6. twbtc

    Dear Sister,

    Good spot on noticing the use of Grudem’s name. I have fixed it. Thanks!!

  7. Stronger Now

    I have one question: Does Mr. Ware, elsewhere in this discourse, or anywhere else, consider the concept that an overbearing, controlling, abusive man may “cause” behavior on the part of his wife by that would be less than 100% submissive?

    Does he ever put the shoe on the other foot? Or does the blame only go one way?

    • 3blossommom

      I would like to know this too.

    • Does Mr. Ware, elsewhere in this discourse, or anywhere else, consider the concept that an overbearing, controlling, abusive man may “cause” behavior on the part of his wife by that would be less than 100% submissive?

      So far I have never read anything from Ware in that vein.

  8. 3blossommom

    Disgusting. I have dealt with my husband’s dominance since before we consummated our vows. As we were feeding each other wedding cake, he whispered in my ear that we should be gentle with each other. He then proceeded to forcefully shove the cake up my nose and cause the entire party of guests to laugh. I laughed too, but went to the kitchen to blow cake out of my nose and apply a bit of ice to ease the pain. I played along as happy. After all, hadn’t I just sworn to this man before God and witnesses.

    On our honeymoon he developed the reptilian stare so common among pathological personalities. I actually have him in pictures with the evil blank look on his face. He forcefully announced on our honeymoon that he would not tolerate my nagging. The emotional abuse and manipulation began immediately.

    I spent my entire marriage following the pattern promoted by CBMW. I challenged him perhaps five times in 21 years (only over things upsetting to the kids and never publically or in front of the children) and he used my not perfectly submitting to him as reason for all of his affairs, manipulation, and finally leaving. Mr. Ware and others like him will answer to God even if they do not chose to answer to men and women here on earth.

    I am not likely to jump into the egalitarian camp, but the CBMW becomes more and more offensive and useless to me all the time.

    • G.o.l.l.y.
      He shoved wedding cake up your nose! How awful. 😦 😦 😦

  9. Starlight

    My ex often became abusive when I discovered evidence of his cheating and mentioned it to him.

  10. MarkQ

    Yes, Ware is victim blaming, but beyond that, he is JUSTIFYING ABUSE. Ware falsely dichotomizes the response of the “authority” into either abrogation or abuse. That is, either the authority gets off his supposed throne, or he beats the subordinate with his scepter.

    If you then come full circle back to the Trinity, you see that Ware’s conception of God the Father is that of an abuser. God, when we respond to Him in rebellion has only two choices – abrogate his authority, which he cannot do, or abuse us. So, Ware’s God is abusive.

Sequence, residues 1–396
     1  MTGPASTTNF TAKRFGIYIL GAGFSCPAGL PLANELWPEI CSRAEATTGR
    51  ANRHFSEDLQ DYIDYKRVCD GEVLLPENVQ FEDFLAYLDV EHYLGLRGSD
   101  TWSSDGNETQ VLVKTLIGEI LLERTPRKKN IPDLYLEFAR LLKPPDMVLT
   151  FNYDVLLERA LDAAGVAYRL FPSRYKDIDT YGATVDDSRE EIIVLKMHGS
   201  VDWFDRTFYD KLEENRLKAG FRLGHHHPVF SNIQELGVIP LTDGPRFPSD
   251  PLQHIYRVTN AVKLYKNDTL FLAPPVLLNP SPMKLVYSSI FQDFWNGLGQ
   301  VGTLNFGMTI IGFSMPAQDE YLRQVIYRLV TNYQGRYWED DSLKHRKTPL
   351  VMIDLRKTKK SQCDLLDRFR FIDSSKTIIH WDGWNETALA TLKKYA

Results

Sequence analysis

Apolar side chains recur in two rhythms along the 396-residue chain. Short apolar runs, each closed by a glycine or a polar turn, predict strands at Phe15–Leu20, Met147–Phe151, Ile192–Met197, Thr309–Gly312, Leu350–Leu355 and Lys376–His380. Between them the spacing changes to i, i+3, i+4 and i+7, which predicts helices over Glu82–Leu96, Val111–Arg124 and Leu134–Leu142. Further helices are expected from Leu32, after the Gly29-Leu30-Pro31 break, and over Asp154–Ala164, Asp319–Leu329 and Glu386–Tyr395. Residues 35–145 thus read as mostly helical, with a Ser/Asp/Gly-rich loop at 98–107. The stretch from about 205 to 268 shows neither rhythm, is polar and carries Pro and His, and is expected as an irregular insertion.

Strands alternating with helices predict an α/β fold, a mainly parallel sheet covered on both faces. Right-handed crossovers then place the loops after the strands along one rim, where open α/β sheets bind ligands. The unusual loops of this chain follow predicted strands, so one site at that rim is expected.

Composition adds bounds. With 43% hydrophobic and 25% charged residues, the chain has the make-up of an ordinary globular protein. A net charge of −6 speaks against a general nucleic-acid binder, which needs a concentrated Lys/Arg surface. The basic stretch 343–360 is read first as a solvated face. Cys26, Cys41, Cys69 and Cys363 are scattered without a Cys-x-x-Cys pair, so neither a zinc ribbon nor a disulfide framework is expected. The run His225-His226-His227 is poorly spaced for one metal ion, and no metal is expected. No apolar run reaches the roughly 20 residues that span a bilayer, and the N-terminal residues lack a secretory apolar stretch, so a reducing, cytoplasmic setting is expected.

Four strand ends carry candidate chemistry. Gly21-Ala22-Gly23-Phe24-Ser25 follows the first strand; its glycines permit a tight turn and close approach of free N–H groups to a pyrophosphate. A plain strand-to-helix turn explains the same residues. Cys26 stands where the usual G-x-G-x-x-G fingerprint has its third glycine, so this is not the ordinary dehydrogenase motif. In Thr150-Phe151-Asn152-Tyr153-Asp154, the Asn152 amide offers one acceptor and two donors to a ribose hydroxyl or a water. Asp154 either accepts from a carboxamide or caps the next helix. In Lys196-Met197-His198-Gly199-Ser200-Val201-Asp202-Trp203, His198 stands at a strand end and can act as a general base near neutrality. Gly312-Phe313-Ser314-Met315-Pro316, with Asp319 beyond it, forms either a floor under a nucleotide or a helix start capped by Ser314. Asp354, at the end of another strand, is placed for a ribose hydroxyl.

Instead, the picture of God’s response to rebellion is that of the father in the parable of the prodigal son. He allows us to experience the fruits of that rebellion and, when we come to our senses (through the work of the Holy Spirit) he runs to meet us and welcome us back with open arms and a feast. This is neither abusive nor stepping down from his throne.

    • Lea

      Ware falsely dichotomizes the response of the “authority” into either abrogation or abuse.

      None of the authoritarian types seem to be able to understand that adults can make decisions as equals, by conversation, compromise, etc…It’s downright bizarre.

      • Kay

        Yes, it is bizarre! Christ is the liberator of the Church. The message of the cross is that we shall be free. This is the example that He sets for husbands. Any doctrine that seeks to enslave, and what was is described in this article is slavery, is a false doctrine.

        “And [women] seek to work to have their husbands fulfill their will, RATHER THAN SERVING THEM.” Service should be voluntary and from the heart, but apparently, these men believe that they are entitled to it. It doesn’t seem to occur to them that there might be some other paradigm such as mutual service and giving preference to one another.

        I spent a lifetime serving my husband. The more I served, the more he disrespected and humiliated me. I was little more than a servant and a prostitute in my husband’s house. And I PAID to do it. I had a full-time job that paid the bills. His money was supposed to go back into the business, but he also had plenty of money to spend and take trips with his buddies. I am ashamed that I ever let myself get to the point where my husband ordered me around like a slave. When I served a civil protective order on my husband, he spent four hours being interviewed by a psychiatrist. His counselor called me and told me to get out of the house and the relationship now. Then I received a call from the foremost expert on domestic violence in Idaho. He told me that things were going 100% my husband’s way, and that he wasn’t go to give that up if he could help it. That somehow, coming from a man, impacted my thinking more than anything else. Up to that point, I thought by serving my husband, I was serving Christ. I realize now that I was enabling monstrous sin.